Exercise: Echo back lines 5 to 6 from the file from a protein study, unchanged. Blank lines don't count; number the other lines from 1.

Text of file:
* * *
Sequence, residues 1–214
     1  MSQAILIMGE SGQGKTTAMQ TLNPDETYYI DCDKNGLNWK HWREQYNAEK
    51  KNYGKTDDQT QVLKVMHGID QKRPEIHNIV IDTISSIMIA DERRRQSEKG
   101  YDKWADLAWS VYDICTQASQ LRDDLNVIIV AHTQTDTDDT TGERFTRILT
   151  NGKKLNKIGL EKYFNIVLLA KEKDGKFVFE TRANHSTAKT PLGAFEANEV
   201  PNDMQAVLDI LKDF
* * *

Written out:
   151  NGKKLNKIGL EKYFNIVLLA KEKDGKFVFE TRANHSTAKT PLGAFEANEV
   201  PNDMQAVLDI LKDF